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  1. Abstract

    Surface charging by keV (kiloelectron Volt) electrons can pose a serious risk for satellites. There is a need for physical models with the correct and validated dynamical behavior. The 18.5‐month (2013–2015) output from the continuous operation online in real time as a nowcast of the Inner Magnetosphere Particle Transport and Acceleration Model (IMPTAM) is compared to the GOES 13 MAGnetospheric Electron Detector (MAGED) data for 40, 75, and 150 keV energies. The observed and modeled electron fluxes were organized by Magnetic Local Time (MLT) and IMPTAM driving parameters; the observed Interplanetary Magnetic Field (IMF)BZ,BY, and |B|; the solar wind speedVSW; the dynamic pressurePSW; andKpandSYM‐Hindices. The peaks for modeled fluxes are shifted toward midnight, but the ratio between the observed and modeled fluxes at around 06 MLT is close to 1. All the statistical patterns exhibit very similar features with the largest differences of about 1 order of magnitude at 18–24 MLT. Based on binary event analysis, 20–78% of threshold crossings are reproduced, but Heidke skill scores are low. The modeled fluxes are off by a factor of 2 in terms of the median symmetric accuracy. The direction of the error varies with energy: overprediction by 50% for 40 keV, overprediction by 2 for 75 keV, and underprediction by 18% for 150 keV. The revealed discrepancies are due to the boundary conditions developed for ions but used for electrons, absence of substorm effects, representations of electric and magnetic fields which can result in not enough adiabatic acceleration, and simple models for electron lifetimes.

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  2. Abstract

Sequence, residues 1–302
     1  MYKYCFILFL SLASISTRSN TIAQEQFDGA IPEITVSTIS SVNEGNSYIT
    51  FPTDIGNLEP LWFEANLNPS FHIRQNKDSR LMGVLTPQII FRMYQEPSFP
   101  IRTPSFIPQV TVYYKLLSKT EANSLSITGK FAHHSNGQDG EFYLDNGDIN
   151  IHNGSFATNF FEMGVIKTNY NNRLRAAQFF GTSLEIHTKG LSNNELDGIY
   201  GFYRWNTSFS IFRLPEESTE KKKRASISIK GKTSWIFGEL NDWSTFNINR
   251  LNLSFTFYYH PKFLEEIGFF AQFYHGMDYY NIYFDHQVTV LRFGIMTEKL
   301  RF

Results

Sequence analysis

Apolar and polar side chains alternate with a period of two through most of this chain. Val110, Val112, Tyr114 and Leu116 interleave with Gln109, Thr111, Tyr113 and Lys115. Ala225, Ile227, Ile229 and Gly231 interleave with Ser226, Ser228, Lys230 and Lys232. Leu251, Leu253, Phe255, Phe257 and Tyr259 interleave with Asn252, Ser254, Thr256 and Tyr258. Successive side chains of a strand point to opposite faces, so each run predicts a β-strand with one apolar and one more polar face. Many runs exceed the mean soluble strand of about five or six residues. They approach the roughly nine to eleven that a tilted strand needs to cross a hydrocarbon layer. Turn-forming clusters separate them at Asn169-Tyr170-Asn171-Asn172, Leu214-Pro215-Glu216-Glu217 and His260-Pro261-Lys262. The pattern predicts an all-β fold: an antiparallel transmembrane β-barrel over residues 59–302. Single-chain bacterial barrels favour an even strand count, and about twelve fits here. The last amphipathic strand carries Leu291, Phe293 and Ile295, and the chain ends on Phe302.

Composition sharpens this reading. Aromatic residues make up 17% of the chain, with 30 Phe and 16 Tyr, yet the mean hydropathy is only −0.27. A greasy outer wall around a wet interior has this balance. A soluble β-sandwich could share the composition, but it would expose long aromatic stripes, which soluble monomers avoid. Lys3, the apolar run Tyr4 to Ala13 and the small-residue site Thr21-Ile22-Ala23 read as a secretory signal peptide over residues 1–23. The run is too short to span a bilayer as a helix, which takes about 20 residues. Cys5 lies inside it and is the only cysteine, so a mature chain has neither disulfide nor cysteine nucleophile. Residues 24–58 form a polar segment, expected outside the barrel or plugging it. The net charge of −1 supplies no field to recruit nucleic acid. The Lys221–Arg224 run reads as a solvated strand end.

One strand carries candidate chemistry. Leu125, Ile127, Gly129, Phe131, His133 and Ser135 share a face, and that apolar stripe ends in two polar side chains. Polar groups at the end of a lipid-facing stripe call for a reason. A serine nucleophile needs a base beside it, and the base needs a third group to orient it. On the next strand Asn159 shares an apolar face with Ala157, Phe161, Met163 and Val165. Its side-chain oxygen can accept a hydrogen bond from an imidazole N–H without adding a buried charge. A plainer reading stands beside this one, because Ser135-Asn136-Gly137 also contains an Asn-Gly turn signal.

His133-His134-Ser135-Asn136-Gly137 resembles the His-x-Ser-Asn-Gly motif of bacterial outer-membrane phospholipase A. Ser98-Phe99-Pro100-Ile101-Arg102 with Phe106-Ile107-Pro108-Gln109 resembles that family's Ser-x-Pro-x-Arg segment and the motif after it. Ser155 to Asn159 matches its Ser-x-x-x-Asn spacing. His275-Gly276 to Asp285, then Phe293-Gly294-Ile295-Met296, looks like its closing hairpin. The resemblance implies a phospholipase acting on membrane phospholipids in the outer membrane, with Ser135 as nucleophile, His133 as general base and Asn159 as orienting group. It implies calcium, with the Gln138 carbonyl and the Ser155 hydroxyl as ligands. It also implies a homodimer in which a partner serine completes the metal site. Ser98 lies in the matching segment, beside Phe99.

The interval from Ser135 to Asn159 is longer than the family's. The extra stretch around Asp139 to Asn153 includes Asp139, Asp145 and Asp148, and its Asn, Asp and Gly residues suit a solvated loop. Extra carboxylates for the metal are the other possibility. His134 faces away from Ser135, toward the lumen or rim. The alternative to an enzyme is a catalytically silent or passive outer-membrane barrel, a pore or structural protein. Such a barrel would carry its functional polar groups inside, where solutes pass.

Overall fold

Electromagnetic ion cyclotron (EMIC) waves can drive precipitation of tens of keV protons and relativistic electrons, and are a potential candidate for causing radiation belt flux dropouts. In this study, we quantitatively analyze three cases of EMIC‐driven precipitation, which occurred near the dusk sector observed by multiple Low‐Earth‐Orbiting (LEO) Polar Operational Environmental Satellites/Meteorological Operational satellite programme (POES/MetOp) satellites. During EMIC wave activity, the proton precipitation occurred from few tens of keV up to hundreds of keV, while the electron precipitation was mainly at relativistic energies. We compare observations of electron precipitation with calculations using quasi‐linear theory. For all cases, we consider the effects of other magnetospheric waves observed simultaneously with EMIC waves, namely, plasmaspheric hiss and magnetosonic waves, and find that the electron precipitation at MeV energies was predominantly caused by EMIC‐driven pitch angle scattering. Interestingly, each precipitation event observed by a LEO satellite extended over a limited L shell region (ΔL ~ 0.3 on average), suggesting that the pitch angle scattering caused by EMIC waves occurs only when favorable conditions are met, likely in a localized region. Furthermore, we take advantage of the LEO constellation to explore the occurrence of precipitation at different L shells and magnetic local time sectors, simultaneously with EMIC wave observations near the equator (detected by Van Allen Probes) or at the ground (measured by magnetometers). Our analysis shows that although EMIC waves drove precipitation only in a narrow ΔL, electron precipitation was triggered at various locations as identified by POES/MetOp over a rather broad region (up to ~4.4 hr MLT and ~1.4 Lshells) with similar patterns between satellites.

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